Add the Worcestershire, sugar and bay leaf. As the gravy starts to bubble, continue too whisk. Season with salt and pepper.
Continue to cook at a low simmer for 15 minutes whisking occasionally. Once the gravy has a smooth texture and consistency, turn the heat down to a low setting until ready to use. The gravy will darken as it cooks plus the addition of the pan drippings from the roast pork.
*Tips: If the gravy has a grainy texture, continue to cook at a low heat whisk occasionally. Add more chicken stock as necessary. In my experience the graininess disappears completely once the ingredients in the flour are cooked down.
PLATING THE ROAST PORK
Slice the pork to your desired thickness.
I generally prefer thinner slices of meat. Ladle mushroom gravy over the pork and serve with steamed rice. You could serve this with a salad on the side or try one of our great side dishes like Hawaiian style potato salad and Lomi Lomi Salmon.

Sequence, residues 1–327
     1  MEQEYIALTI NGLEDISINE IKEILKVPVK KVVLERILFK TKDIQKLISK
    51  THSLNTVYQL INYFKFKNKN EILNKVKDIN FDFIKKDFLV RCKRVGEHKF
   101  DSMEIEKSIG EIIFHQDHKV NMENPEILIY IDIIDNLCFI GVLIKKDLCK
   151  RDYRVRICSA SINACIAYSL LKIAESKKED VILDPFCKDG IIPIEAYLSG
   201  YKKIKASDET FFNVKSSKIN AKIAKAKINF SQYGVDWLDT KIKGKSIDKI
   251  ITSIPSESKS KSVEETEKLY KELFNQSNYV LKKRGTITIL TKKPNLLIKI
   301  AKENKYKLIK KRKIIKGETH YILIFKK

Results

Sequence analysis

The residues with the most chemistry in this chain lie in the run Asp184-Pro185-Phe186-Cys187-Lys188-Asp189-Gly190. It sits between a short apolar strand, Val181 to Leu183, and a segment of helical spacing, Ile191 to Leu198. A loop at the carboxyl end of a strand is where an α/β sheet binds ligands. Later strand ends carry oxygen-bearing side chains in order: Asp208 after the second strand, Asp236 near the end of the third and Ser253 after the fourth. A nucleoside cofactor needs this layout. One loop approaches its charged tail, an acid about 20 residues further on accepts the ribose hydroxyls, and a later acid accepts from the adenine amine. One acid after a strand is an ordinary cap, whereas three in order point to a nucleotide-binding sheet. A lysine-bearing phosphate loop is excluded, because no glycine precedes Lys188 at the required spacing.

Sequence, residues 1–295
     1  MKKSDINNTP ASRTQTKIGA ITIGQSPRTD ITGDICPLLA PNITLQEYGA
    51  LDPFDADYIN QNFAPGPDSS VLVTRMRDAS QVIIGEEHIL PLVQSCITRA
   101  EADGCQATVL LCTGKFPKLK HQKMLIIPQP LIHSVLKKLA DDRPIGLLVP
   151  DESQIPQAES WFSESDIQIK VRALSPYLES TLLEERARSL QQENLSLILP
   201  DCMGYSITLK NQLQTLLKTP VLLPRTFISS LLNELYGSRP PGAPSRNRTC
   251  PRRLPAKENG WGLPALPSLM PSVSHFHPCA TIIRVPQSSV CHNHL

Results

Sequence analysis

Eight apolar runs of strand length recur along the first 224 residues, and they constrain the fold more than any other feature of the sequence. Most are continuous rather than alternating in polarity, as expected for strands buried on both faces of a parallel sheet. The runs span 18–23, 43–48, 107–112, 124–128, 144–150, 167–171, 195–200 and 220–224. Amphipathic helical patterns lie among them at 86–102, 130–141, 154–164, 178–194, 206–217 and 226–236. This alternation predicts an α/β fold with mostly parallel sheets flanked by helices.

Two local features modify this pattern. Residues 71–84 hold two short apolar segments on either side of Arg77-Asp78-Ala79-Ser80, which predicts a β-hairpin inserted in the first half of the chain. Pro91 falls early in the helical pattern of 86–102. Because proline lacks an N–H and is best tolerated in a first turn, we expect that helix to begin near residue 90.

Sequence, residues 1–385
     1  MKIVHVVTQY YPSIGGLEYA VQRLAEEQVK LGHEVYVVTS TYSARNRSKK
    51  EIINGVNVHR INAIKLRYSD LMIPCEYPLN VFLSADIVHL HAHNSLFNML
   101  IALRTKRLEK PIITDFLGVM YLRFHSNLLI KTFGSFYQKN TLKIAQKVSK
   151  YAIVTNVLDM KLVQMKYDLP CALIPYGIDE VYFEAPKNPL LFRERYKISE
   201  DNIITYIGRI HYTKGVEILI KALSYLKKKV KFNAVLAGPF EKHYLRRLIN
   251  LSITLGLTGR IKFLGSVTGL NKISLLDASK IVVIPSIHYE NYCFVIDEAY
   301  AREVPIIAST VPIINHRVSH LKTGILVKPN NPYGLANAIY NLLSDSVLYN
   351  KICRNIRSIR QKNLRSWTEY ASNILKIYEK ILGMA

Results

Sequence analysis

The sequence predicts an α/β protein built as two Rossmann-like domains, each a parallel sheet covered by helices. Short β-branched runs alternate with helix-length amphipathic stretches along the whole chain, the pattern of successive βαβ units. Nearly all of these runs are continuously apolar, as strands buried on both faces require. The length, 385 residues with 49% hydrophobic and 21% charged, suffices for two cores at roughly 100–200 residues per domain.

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Supporting Local Farms
Adjacent to the Cascade mountains of Eastern Washington state, Wilderness Farms, a family run operation raises purebred Berkshire pigs. Known throughout the culinary world for intense marbling, superior quality, taste and tenderness, Berkshire pork is some of the best we have ever tasted. At Wilderness Farms, respect of the animals in a stress-free environment is top priority.
We have very similar philosophies concerning how we produce quality meats, including landscape management, animal welfare, quality healthy feeding regimens, and the highest quality meat productsrandy riviere
Where can you find Wilderness Farms Berkshire Pork?
Purchasing online from a trusted and secure source has become normal as many of us seek better options in the food supply chain. We only recommend sources that we have researched. To find deals on cuts for Wildness Farms Pork use this link.